As the Financial Crisis Eases, Global Leaders Are Leaving Unity Behind

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As the financial crisis hit full swing just a year-and-a-half ago, major world governments pulled together to try to orchestrate a global response. "Only coordinated action by central banks and governments is able to stop the systemic risk and ensure the financing of economies," French President Nicolas Sarkozy said at the time.

Critics scoffed at the notion that the world's policy chiefs -- who they saw as bumbling bureaucrats whose lax oversight and supply of easy credit helped fuel the crisis in the first place -- could unite effectively to quickly put out the blaze.

But unite they did. And, with the world economy normalizing sooner than most had expected, even widely mocked administrators like U.S. Treasury Secretary Timothy Geithner are now being pointed to as unsung heroes.

'In My View, That Is Protectionism'

However, as the panic subsides, the brief solidarity it brought about is quickly dissolving. Mutual accusations of protectionism, for example, are becoming the order of the day again. Now that expanding their economies through exports is becoming a top priority, once-chummy national regulators are hammering each other in hopes of getting an advantage.

On Sunday, Chinese Premier Wen Jiabao (pictured) became the latest state official to take the offensive. "What I don't understand is depreciating one's own currency, and attempting to pressure others to appreciate, for the purpose of increasing exports," Wen said at a press conference marking the end of Beijing's annual government hearings. "In my view, that is protectionism."

China has been under intense and growing pressure to let its currency appreciate. The yuan's most recent peg to the U.S. dollar at an exchange rate of about 6.83 keeps the currency artificially undervalued and gives the country an unfair advantage in exports by making its goods cheaper, critics say.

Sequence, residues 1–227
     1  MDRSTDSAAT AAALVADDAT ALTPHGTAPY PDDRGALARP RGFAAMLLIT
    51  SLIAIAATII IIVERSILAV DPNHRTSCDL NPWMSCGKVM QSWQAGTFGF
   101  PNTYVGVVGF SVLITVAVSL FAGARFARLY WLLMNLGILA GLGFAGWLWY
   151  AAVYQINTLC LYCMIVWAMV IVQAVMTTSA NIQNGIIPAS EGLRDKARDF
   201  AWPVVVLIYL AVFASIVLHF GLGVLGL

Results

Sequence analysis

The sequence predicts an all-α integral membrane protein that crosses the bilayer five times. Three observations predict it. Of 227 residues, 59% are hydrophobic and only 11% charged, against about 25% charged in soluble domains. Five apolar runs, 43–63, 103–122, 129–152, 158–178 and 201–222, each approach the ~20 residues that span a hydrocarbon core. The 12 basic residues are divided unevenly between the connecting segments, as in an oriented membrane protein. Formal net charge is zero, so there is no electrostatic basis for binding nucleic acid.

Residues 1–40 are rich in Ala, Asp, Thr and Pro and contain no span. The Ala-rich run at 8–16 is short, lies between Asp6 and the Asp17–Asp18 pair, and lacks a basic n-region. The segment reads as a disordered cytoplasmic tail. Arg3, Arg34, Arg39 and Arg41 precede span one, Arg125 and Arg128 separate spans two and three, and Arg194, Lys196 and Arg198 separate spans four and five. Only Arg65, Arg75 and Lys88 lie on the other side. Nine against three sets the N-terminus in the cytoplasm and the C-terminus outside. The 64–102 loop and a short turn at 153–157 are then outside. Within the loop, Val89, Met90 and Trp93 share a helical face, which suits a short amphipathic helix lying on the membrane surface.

The heated Chinese response comes a month ahead of a U.S. Treasury Department deadline to decide whether to officially label China as a currency manipulator, which could set the stage for trade sanctions against the country.

'Alarm in the City of London'

Other major world economies, including the U.S., U.K., Germany and France are already part of a rapidly swirling bout of protectionist accusations. Some European heads of state, led by German Chancellor Angela Merkel, have been increasingly critical of the role hedge funds play in financial markets, and Greece recently banned hedge funds from a recent bond issuance despite badly needing credit at lower rates.

Last week, Geithner sent a blunt letter to European internal market commissioner Michel Barnier saying that measures the European Union was mulling to clamp down on freewheeling pools of capital like hedge funds and private equity funds smacked of protectionism.

But the financial services industry has been a key and fast-growing component of the U.S. economy. And the EU proposal has also "caused alarm in the City of London, where some in the industry say it is a thinly veiled attempt by France and Germany to undermine the U.K.'s dominance of financial services," according to the Financial Times.

'Setting the Wrong Example'

Europe is wielding its own accusations of protectionism against the U.S. The charges follow the U.S. Air Force's abrupt change in criteria for contracts that swung to Boeing's (BA) favor and led European competitor Airbus to drop out of the bidding for the lucrative airborne fuel tanker contract.

"If [the U.S.] wants to be spearheading the fight against protectionism, they shouldn't be setting the wrong example of protectionism," Sarkozy recently said.

With China now joining the fray, the lofty rhetoric and moralizing are likely to only grow in the coming months. Speculation of trade wars, if things spiral out of control, could also rise. But investors should also recognize the political posturing for what it is before getting too rattled. As the world's economies gets back to business as usual, so are its politicians.
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